Travel

Travels among the Turkmen

Turkmenistan is a country not many people know a great deal about. Unabashedly authoritarian, it has one of the most repressive regimes in the world, yet doesn’t attract as much attention as geostrategic threats like Iran and North Korea, or European Belarus. In this post, Molly McParland  goes behind the last remaining vestiges of the Iron Curtain.

Saparmurat Atayevich Niyazov - the Turkmenbashi. Photo by the author.

Saparmurat Atayevich Niyazov – the Turkmenbashi.
Photo by the author.

Home to ancient civilisations and the world’s fourth largest oil reserves, Turkmenistan is a country many would struggle to locate on a map. Unlike its more infamous neighbours (particularly Afghanistan and Iran) Turkmenistan, following independence in 1991, has been largely peaceful and neutral, with many Turkmen people proudly declaring themselves as Central Asia’s Switzerland. However, Switzerland’s political stability has not been the result of authoritarian rule by a man who styled himself “leader of Turkmen” (Turkmenbashi) until his death in 2006. This was a [sorry, had to introduce a verb] man who included himself in the national anthem, renamed months after his family, and whose cult of personality resonates publicly with gold statues on every street and portraits in every building.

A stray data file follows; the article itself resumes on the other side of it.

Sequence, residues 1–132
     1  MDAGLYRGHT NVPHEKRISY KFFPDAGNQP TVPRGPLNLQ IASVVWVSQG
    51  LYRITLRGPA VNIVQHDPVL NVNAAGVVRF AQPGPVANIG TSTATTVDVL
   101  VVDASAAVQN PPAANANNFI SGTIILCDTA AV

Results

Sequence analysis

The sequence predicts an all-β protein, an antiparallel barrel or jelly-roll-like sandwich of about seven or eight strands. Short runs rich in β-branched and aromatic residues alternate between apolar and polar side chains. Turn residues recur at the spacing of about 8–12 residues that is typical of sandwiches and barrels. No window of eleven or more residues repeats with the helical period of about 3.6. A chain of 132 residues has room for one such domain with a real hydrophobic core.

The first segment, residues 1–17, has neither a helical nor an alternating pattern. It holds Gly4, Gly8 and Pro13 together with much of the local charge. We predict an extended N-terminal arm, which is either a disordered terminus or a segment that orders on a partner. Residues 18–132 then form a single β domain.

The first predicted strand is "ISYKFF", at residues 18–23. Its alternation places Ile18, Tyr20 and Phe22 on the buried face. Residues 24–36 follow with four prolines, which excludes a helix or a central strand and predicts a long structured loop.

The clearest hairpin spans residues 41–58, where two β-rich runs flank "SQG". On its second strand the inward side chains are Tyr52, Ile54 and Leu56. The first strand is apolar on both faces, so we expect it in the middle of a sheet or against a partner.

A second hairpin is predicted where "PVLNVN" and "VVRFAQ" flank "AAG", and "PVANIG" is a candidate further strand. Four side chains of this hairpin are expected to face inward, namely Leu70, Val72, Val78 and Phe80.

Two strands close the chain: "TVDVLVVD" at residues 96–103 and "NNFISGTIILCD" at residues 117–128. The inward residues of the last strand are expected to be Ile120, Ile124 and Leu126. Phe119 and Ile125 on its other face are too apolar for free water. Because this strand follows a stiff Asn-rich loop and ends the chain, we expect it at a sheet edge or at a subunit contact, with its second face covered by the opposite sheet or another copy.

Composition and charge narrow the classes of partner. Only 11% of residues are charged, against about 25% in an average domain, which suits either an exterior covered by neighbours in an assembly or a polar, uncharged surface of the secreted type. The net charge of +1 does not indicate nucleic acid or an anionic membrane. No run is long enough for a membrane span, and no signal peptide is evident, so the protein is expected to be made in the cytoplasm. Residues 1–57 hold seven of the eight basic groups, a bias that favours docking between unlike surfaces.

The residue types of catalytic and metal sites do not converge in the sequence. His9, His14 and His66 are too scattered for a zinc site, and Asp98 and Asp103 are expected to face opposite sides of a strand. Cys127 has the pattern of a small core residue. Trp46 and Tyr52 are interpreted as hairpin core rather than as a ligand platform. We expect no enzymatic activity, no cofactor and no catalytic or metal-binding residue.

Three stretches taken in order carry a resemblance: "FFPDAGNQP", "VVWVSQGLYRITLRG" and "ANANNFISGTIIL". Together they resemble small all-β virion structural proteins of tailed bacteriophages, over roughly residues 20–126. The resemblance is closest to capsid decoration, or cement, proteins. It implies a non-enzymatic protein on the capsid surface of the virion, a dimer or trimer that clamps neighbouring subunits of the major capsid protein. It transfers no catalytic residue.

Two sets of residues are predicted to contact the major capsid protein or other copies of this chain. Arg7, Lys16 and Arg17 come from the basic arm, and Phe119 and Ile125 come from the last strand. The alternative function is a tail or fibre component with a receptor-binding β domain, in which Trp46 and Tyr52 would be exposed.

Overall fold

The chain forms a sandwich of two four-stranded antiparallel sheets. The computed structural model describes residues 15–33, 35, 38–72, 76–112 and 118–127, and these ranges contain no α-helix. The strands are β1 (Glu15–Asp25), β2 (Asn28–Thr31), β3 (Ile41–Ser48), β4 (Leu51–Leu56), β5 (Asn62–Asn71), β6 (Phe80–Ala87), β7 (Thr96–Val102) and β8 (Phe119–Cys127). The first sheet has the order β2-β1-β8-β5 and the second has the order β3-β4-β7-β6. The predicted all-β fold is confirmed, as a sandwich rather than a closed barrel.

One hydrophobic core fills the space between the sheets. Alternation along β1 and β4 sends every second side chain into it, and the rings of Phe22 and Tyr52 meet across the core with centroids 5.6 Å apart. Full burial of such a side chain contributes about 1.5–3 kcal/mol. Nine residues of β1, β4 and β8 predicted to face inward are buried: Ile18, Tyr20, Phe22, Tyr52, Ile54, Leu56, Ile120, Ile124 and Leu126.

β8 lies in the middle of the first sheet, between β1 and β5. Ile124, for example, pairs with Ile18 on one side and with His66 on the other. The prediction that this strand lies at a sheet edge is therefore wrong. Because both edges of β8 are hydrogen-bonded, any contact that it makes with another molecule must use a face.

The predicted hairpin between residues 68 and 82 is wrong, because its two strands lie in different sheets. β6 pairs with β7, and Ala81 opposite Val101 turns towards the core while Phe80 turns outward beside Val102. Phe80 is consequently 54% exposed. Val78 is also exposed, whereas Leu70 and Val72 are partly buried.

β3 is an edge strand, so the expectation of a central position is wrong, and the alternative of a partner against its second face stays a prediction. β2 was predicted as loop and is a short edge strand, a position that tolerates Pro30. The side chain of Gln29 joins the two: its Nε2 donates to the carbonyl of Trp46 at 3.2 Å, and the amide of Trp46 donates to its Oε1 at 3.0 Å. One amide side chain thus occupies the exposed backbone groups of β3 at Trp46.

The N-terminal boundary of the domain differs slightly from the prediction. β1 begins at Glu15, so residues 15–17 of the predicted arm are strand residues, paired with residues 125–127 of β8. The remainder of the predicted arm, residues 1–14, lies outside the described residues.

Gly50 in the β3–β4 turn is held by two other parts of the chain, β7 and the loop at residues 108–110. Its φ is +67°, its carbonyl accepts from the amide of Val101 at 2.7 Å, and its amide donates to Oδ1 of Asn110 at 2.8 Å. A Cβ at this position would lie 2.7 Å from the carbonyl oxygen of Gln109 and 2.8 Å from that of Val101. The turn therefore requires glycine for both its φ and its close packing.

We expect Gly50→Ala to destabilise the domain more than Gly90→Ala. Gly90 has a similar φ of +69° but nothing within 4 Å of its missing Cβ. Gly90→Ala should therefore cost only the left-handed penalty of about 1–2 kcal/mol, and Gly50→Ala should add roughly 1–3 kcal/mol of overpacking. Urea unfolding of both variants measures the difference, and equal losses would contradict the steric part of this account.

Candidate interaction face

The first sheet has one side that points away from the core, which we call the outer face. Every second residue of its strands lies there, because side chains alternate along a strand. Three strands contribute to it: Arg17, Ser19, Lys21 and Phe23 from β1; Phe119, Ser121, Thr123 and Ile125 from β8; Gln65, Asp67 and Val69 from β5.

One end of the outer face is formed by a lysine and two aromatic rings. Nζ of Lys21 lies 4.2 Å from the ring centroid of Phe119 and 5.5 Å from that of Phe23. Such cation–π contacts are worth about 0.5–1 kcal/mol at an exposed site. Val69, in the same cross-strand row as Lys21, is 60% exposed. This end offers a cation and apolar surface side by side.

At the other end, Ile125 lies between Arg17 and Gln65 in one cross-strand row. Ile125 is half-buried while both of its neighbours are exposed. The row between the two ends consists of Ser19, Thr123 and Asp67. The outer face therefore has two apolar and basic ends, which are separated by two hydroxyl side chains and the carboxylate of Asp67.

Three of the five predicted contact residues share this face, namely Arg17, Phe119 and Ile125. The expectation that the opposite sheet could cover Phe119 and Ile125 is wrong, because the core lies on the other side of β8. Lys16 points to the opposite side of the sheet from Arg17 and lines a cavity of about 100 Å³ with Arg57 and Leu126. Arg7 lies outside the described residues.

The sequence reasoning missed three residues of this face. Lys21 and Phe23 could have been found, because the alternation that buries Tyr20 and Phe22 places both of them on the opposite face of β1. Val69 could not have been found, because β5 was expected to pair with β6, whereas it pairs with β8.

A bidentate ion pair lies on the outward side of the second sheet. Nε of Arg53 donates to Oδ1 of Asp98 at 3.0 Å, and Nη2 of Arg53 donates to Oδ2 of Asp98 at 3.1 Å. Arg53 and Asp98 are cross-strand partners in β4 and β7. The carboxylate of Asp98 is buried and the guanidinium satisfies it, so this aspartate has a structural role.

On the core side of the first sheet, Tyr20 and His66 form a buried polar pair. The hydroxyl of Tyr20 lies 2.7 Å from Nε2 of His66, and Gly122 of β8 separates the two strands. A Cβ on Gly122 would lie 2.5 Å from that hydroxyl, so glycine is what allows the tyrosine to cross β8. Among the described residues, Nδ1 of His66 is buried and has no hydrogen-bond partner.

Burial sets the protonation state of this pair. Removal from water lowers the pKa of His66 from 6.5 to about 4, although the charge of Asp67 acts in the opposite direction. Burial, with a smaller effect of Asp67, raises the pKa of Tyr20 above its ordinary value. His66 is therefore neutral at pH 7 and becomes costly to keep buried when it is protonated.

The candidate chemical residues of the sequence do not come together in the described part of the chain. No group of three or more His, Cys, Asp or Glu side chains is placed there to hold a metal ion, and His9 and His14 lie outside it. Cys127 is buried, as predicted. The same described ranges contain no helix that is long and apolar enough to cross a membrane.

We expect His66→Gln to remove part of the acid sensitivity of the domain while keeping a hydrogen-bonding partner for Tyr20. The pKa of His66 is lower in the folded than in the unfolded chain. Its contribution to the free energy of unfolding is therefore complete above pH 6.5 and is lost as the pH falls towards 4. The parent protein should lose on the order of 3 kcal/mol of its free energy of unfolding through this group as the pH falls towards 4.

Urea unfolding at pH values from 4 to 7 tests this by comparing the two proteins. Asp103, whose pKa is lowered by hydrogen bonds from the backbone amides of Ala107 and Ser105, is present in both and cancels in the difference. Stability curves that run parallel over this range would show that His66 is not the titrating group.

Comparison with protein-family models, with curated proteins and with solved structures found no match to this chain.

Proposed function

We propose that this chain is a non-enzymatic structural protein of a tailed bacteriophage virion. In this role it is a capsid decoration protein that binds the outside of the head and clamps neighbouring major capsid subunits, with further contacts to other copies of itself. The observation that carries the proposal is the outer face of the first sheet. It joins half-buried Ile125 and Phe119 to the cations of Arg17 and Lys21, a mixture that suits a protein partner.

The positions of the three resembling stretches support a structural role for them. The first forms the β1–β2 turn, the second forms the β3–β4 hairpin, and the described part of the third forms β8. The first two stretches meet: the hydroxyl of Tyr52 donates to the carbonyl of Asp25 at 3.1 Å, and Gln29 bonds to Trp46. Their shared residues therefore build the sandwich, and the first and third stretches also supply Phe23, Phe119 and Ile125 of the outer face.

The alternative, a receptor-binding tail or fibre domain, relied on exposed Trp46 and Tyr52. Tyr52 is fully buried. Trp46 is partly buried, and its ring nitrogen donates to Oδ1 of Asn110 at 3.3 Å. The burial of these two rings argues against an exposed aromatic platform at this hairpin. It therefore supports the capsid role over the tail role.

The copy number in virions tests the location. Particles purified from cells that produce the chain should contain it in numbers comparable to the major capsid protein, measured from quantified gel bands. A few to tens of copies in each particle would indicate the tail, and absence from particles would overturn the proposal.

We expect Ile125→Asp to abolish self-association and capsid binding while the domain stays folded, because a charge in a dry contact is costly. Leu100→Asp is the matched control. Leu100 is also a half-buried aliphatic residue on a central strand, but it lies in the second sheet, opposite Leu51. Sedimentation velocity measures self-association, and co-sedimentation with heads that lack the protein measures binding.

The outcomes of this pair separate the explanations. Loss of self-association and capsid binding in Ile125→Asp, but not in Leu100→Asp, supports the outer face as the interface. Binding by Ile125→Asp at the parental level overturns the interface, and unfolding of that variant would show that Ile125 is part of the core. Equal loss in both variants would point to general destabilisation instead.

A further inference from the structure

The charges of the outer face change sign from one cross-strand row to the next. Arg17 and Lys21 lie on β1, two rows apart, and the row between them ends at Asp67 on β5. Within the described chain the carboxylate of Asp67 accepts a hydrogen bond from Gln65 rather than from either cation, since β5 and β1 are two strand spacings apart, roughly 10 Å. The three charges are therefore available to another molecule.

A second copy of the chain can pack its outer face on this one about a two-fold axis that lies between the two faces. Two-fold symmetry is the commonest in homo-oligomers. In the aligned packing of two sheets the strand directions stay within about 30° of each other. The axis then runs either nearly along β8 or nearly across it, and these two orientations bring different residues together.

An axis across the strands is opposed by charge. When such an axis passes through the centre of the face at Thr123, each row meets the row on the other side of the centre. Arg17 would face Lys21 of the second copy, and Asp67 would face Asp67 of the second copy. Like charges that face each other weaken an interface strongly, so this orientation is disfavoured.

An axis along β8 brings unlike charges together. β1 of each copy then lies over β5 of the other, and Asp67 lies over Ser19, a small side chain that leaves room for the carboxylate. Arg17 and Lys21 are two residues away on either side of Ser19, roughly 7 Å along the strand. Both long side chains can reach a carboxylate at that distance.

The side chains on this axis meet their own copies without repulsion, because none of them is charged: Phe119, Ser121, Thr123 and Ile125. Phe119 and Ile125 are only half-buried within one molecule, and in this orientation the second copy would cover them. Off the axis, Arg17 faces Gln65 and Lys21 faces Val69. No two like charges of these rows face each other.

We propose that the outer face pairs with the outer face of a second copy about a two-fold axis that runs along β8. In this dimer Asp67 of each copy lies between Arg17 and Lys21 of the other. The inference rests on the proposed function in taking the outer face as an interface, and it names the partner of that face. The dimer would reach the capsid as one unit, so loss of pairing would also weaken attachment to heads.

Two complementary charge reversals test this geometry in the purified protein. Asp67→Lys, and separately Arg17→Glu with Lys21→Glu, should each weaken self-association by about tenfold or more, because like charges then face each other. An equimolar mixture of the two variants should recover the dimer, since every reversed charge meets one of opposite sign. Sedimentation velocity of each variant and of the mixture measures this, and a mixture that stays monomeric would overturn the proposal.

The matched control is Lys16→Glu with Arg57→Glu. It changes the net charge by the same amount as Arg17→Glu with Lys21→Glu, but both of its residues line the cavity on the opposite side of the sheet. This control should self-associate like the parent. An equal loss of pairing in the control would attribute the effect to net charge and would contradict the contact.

According to Reporters Without Borders, Turkmenistan has the second worst press freedom in the world (behind North Korea), and only 5% of citizens have access to the (heavily censored) internet. There haven’t been extensive changes under the new President (Berdimuhamedow), and Turkmenbashi’s policies, ranging from the celebration of “Melon Day” every August, to the prohibition of elections, largely remain.

Turkmenistan, however, has enjoyed economic growth due to its natural resource wealth. Electricity and gas are free for citizens and petrol is a meagre US$0.26 per litre. Many actually prefer to leave their gas stoves running constantly than to buy new matches. Economic growth has not brought liberalisation though, and, hostility to foreigners remains. Turkmenistan’s Lonely Planet entry begins with “all hotel rooms are bugged”, and reminds readers of the total absence of ATMs.

To visit Turkmenistan for tourism requires joining a registered tour, ensuring you don’t stray from designated areas. This sounded not only expensive but also extremely limiting, so we opted into the bureaucratic game of obtaining a transit visa, which the government reportedly refuse at random. This required, among a host of forms, photos and embassy visits, writing a formal letter to the government of Turkmenistan explaining our situation. A month and multiple appeals later, our transit visa was finally granted.